Several large buildings were burned to the ground; but, thanks to the mud or clay and reeds which compose most of the buildings of Lima, a fire can spread but slowly, and its spread was checked after several valuable buildings had been burned, among them several large and valuable Chinese stores along the principal streets.
It was a night, or rather a nightmare, of chaos and unutterable horrors, a “triste noche” which defies all analysis or detail of description. But towards the dawn it began to become evident that the demon of chaos and disorder had begun to lose his force; his powers were becoming weak by sheer force of over-exertion; phrenzy had yielded to exhaustion. The Peruvian citizens, however, whose soldiers these rioters had been, were in no position to put them down, and though many of the native citizens of Lima of the better class would have rejoiced to see the reign of terror ended, they seemed utterly paralyzed, as these men were so lately their defenders.
It was now the dawn of day, and the Chilian forces were to enter at 2 o’clock p.m. If these disorderly elements were not subdued before that time there was every reason to fear that some and probably many of them, under the influence of liquor, would fire upon the Chilian forces, and Lima would then be laid in ashes.
But at the terrible moment, when all seemed lost, before the morning sun rose over the Andes a new star of hope made its appearance upon the horizon. Through all the chaotic horrors of the night an element of order, guided by intelligence, had been doing its work, and barbarism and brutality were destined to feel the force of civilization [Page 860] and intelligence, with an intelligent purpose to enforce order. Though comparatively few in number, the Urban Guard through all the horrors of the preceding night, had been organizing, and with the dawn of day quietly but resolutely took the streets “still as the breeze, but dreadful as the storm.” A few of them had pistols, others policemen’s clubs. As they came in contact with the armed rabble, often ten or fifteen to their one, they demanded their arms and their surrender. If any one refused this demand he was at once shot or knocked down and killed. The rabble at once realized that here was a power they could not resist. They threw down their arms and fled to their dens or hiding places. A few of the Urban Guards and great numbers of the rioters were killed. This process was still going on at 2 o’clock, p.m., on the 17th. The Chilian commander, learning this, waited for the entry of his forces for some two hours more, by which time order was restored, and all danger of firing upon his troops was over, when he sent in some 3,000 of his best disciplined men, who quietly entered without noise or demonstration of any kind, and Lima was saved from destruction. All neutrals and many of the Peruvians felt a sense of relief upon the entry of the Chilian forces, and, as to neutrals, I think they dread the departure of the Chilian forces as much as they dreaded their entrance; as in case of their departure the neutrals will be subjected to the prejudices, the passions, and the hatred of the Peruvians of the lower orders.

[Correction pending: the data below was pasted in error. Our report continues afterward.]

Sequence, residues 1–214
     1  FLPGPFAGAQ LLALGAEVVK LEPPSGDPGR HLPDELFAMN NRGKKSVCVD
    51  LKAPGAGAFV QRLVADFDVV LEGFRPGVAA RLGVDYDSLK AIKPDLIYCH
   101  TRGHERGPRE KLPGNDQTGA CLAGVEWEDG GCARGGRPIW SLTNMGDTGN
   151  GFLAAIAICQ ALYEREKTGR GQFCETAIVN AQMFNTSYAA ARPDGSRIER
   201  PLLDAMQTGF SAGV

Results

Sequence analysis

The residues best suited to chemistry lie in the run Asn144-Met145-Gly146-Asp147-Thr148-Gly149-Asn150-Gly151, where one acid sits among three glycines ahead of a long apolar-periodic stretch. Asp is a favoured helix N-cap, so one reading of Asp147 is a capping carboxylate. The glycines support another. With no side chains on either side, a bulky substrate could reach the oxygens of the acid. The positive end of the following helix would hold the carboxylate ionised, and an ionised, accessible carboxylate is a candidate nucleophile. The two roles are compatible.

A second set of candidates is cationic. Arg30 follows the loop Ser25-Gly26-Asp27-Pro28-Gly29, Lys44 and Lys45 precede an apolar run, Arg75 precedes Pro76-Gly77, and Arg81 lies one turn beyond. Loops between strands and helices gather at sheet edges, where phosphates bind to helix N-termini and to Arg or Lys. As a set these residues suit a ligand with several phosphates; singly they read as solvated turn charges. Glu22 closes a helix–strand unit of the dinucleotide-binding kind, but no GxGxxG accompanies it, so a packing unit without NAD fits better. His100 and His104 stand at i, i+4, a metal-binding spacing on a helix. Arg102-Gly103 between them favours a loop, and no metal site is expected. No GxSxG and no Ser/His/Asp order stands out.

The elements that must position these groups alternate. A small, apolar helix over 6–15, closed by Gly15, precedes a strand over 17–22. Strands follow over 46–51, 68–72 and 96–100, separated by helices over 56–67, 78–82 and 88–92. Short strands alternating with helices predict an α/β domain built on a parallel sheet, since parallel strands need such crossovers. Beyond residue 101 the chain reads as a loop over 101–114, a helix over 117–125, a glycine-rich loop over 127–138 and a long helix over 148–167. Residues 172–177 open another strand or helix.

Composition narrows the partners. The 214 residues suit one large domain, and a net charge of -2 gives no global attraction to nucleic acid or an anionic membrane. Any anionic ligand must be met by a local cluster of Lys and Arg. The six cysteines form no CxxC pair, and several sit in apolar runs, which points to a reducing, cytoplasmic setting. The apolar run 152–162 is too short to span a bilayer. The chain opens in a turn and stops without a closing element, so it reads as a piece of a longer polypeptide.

Since that time much of the rest of the army has marched quietly through Lima and encamped outside. General Saavedra is the chief civil governor of Lima under Chilian power, and seems to be doing all in his power to preserve order. Still many horrible outrages have occurred—rapes and murders—probably in spite of the utmost vigilance of the governor, but which would not have happened from a civilized soldiery. And if Chili chooses to employ savages as soldiers she must be held responsible before the world for all such excesses as would not have been likely to have been committed by a civilized soldiery under proper discipline. In the mean time the Chilian commanders are greatly embarrassed by their victory, as they can find no Peruvian government with which they can treat for peace. Piérola, at last advices, was at Tarma, still bent upon pursuing the war, though he has no army, no arms, and no financial resources, and if he insists upon continuing the war will ruin Peru without benefiting himself. He is now, however, inclined to treat under the mediation of the diplomatic corps. But the Chilian authorities, as long ago as the 14th, before the battle of Miraflores, plainly declared to our corps its determination to admit no mediation; and the diplomatic corps will not probably intervene against the will of Chili.